As modern businesses adopt more advanced technologies, it’s more important than ever to know how to manage internal security systems and what common access control mistakes to avoid.
Industry workers often refer to modern commercial security systems for professional access control in their business. The transition to mobile and cloud-based applications could mean more opportunities for businesses to have their security structure violated. Ensure the safety of your business by exploring the most common access control mistakes to avoid and the penalties of not securing internal business operations.
1. Email Credentials
Sending email credentials like usernames and passwords to others compromises the authentication model of your business. Ensure a password change is mandated whenever employees use a default password for the first time.
2. Third-Party Access
It’s possible to suffer a security breach via a third party gaining access to your network and credentials. Be firm about not providing these credentials because your business will be accountable if an issue in an outsourcing arrangement occurs.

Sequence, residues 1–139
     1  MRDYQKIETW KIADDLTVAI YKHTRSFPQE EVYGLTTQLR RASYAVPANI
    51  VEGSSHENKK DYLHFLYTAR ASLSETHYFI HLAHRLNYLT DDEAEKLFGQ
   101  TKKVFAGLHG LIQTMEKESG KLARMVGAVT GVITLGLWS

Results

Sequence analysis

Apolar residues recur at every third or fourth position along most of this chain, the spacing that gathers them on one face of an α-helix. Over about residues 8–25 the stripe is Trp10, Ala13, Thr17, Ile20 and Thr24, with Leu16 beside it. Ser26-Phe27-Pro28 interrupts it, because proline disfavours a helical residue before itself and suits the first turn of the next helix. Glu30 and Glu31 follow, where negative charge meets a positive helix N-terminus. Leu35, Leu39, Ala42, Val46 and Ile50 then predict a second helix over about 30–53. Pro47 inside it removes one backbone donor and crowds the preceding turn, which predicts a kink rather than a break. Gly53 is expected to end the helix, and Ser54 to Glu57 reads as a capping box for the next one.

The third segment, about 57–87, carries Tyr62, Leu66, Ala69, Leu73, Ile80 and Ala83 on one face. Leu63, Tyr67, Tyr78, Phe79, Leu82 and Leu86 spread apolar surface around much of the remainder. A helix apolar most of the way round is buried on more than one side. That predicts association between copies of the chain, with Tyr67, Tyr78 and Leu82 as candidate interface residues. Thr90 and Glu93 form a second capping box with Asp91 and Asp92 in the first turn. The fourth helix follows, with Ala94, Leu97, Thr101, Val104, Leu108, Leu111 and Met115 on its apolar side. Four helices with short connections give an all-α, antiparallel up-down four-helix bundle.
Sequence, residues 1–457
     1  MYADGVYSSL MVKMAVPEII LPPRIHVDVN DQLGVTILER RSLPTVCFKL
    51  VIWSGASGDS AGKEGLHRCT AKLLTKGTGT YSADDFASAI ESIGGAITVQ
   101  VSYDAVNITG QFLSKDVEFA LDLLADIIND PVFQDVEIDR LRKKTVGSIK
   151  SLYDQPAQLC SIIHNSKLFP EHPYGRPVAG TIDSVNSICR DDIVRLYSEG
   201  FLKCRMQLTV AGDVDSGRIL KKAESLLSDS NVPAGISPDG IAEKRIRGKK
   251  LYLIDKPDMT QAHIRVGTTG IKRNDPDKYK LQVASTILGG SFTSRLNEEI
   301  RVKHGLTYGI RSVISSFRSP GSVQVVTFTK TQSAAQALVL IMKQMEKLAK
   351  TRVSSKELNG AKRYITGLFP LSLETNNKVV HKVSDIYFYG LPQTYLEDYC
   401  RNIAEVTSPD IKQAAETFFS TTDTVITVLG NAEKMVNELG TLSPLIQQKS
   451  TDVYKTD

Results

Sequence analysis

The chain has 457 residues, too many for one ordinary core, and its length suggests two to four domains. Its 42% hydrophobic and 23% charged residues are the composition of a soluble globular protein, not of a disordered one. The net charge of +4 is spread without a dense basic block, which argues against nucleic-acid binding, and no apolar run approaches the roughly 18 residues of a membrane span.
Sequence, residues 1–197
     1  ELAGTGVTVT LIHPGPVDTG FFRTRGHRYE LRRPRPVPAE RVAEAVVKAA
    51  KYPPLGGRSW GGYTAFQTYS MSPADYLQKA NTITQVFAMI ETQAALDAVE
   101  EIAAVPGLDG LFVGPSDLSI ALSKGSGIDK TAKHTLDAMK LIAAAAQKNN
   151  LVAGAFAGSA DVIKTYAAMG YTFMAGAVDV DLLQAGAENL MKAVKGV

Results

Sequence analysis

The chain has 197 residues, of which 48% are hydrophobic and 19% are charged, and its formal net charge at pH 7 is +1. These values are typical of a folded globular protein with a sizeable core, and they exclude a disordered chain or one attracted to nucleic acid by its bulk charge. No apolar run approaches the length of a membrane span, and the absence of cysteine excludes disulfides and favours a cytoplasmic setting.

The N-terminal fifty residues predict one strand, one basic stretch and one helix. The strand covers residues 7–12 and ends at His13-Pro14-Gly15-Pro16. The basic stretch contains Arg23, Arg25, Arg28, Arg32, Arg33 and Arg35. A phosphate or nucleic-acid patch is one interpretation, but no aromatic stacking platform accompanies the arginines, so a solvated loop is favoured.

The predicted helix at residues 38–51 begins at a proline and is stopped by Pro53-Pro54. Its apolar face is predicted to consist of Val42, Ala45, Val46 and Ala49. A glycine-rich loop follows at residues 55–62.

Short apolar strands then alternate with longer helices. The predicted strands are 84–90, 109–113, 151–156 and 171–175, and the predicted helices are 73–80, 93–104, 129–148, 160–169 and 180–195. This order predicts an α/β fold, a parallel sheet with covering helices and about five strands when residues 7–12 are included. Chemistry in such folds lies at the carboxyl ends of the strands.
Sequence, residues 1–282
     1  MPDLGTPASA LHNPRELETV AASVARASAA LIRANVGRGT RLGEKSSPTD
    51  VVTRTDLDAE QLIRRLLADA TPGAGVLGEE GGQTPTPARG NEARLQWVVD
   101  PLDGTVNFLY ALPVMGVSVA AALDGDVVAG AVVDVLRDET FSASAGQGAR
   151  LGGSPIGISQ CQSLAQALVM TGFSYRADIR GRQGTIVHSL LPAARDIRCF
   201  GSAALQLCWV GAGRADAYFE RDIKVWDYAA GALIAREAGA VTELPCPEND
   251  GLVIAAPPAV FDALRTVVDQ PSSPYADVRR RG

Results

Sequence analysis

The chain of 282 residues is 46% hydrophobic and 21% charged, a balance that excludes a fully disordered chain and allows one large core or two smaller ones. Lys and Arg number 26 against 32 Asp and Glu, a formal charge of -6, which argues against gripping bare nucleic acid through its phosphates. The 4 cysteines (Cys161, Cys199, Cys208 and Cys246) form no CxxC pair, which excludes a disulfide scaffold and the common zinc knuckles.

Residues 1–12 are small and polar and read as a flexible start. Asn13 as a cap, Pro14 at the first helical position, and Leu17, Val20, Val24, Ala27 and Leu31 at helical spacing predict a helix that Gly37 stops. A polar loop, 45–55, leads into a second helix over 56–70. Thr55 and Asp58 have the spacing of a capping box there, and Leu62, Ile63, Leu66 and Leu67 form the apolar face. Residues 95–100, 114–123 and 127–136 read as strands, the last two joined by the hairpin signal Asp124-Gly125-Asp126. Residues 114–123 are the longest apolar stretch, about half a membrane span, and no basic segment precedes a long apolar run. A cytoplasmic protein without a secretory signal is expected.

3. Shared User Accounts
A user account holds an assigned individual accountable for what happens on it. If you have shared user accounts, the assigned individual can’t be held accountable for making an error. Avoid shared user accounts to maintain audit trails of user actions.
4. Undeleted User Accounts
Leaving the account of a former employee or another worker open allows for unsolicited access by outside parties. Disable user accounts that are no longer in use from access control systems to prevent unsolicited access. Ensure the HR team has a system for immediately removing credentials after a user retires from an account.
5. Allowing Too Much Access
Taking shortcuts for access control makes it easier for the wrong people to gain access to your business. Securely provision each use, give information on a confidential basis, and assign access privileges according to an employee’s role and function. Be mindful of granting access to system administrators or other employees with a title they could use to justify browsing through your entire network.